tween the groups, and openings in said shell
aligned with the passages for the introduction of
washing liquid to force accumulated material
50
from the tubes into said passages.
tween groups oi.‘ tubes to provide a multiple pass
8. A heat exchange apparatus comprising an
arrangement providing at least three passes, the ‘_ outer shell, a. passage for the introduction of gas
tudinally within the shell, and connections be-v
groups of tubes forming the successive passes be
ing circularly and concentrically arranged with
the ?nal pass outermost, the gas spaces about
the various groups being in tree communication
with each other throughout the lengths oi’ the
tubes.
69
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.
3. A heat exchange apparatlm comprising an
outer shell, a passage for the introduction of gas
into the shell, a series of tubes extending longi
tudinally within the shell, connections between
groups of tubes to‘ provide a multiple pass-ar
rangement providing at least three passes, the
groups of tubes forming the successive passes
being circularly and concentrically arranged and
means for distributing the introduced gas mainly
to the outermost group, the gas spaces about the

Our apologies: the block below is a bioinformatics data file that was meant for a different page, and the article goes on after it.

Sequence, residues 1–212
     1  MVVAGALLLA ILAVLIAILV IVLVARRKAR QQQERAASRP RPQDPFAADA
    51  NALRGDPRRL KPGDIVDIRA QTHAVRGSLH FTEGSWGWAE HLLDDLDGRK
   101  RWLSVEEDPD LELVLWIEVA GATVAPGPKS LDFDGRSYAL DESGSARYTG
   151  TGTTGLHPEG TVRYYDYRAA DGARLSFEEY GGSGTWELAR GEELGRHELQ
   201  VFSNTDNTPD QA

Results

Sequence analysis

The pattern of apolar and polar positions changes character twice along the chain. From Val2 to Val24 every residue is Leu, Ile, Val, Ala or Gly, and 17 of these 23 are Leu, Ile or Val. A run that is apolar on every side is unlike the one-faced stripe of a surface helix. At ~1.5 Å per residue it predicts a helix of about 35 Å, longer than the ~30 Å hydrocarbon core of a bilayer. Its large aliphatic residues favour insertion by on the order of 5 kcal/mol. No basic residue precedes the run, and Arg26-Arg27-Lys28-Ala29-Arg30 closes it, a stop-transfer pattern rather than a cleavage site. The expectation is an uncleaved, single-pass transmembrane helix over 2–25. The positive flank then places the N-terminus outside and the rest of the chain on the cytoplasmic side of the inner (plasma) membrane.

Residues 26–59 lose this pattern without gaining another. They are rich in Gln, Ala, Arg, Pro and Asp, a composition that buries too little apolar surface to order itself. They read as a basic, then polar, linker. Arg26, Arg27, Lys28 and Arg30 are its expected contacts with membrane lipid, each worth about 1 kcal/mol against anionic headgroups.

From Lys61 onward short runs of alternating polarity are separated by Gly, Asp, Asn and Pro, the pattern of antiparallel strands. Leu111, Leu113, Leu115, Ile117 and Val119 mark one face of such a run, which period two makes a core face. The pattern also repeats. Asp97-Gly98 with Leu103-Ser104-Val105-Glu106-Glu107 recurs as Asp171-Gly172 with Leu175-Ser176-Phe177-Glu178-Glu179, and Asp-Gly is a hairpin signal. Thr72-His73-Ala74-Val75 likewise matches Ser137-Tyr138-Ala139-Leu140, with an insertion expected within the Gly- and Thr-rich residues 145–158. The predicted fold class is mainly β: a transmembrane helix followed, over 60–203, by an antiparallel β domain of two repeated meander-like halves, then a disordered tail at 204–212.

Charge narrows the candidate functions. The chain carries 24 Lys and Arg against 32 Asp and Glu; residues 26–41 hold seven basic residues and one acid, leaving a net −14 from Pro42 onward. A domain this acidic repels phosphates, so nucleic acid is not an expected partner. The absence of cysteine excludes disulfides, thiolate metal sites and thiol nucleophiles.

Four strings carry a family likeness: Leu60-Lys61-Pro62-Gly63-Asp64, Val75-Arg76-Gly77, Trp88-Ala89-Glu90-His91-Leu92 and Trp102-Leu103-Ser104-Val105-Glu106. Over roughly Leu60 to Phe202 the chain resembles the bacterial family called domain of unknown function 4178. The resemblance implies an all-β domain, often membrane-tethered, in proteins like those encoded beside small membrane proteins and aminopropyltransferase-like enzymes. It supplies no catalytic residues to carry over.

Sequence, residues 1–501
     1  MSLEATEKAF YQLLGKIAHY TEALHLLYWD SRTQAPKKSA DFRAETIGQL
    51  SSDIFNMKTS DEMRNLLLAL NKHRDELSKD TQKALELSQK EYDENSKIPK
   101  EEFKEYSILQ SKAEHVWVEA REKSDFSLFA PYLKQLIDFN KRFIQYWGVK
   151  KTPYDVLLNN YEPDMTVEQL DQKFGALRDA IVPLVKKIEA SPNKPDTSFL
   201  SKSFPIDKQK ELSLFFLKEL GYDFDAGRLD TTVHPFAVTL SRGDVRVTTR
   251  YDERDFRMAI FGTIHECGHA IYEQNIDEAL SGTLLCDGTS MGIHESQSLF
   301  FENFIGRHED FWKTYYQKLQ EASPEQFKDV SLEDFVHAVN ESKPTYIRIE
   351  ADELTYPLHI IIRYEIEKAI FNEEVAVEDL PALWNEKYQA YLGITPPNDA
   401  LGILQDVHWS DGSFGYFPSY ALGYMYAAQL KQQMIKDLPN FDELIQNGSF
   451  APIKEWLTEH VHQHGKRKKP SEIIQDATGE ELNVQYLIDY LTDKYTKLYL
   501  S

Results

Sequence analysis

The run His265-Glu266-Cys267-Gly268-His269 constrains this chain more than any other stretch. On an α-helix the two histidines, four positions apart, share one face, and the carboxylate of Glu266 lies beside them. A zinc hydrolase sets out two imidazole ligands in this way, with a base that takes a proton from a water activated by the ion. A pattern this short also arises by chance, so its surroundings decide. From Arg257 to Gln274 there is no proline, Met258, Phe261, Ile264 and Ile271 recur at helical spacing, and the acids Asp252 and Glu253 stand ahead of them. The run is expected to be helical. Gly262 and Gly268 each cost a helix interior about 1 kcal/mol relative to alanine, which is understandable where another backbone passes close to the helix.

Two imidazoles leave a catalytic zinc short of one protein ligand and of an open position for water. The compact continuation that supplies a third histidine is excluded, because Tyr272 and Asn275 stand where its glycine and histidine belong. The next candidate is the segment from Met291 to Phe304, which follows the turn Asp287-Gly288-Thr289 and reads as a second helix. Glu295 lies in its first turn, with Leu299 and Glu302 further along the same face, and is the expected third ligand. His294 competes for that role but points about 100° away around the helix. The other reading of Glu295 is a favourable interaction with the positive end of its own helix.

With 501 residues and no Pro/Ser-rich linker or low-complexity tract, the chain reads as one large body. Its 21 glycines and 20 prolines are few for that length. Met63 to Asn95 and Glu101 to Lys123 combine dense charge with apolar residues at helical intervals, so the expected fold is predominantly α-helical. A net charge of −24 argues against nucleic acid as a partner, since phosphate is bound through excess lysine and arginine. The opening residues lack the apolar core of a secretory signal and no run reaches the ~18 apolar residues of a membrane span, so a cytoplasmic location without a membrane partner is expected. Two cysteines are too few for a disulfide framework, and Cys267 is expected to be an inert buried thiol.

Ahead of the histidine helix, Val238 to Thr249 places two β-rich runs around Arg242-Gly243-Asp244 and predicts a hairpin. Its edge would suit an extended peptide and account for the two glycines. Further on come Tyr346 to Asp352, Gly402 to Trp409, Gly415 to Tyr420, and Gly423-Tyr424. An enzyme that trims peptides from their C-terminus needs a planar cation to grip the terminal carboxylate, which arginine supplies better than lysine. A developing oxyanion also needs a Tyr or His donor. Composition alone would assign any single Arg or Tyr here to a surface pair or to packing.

70 various groups being in free communication with
into the shell, a series of tubes extending longi
tudinally within the shell, and connections be
tween groups of tubes to provide a multiple pass
arrangement, said connections including means
joining the lower ends of the tubes provided with
9. ~ central wash-out port, the groups of tubes
‘forming the passes being concentrically arranged so
vertically within the shell, said tubes being ar
ranged in groups with vertically clear radial pas
sages between the groups of the outer passes, and ,
' openings in said shell aligned with the passages
for the introduction .of washing liquid to force
accumulated material from the tubes into said 65
passages, the group of tubes forming the'inner
most pass surrounding a vertical space, clear of
tubes, aligned with said wash-out port.
CLEMENT K. BENNETT.
70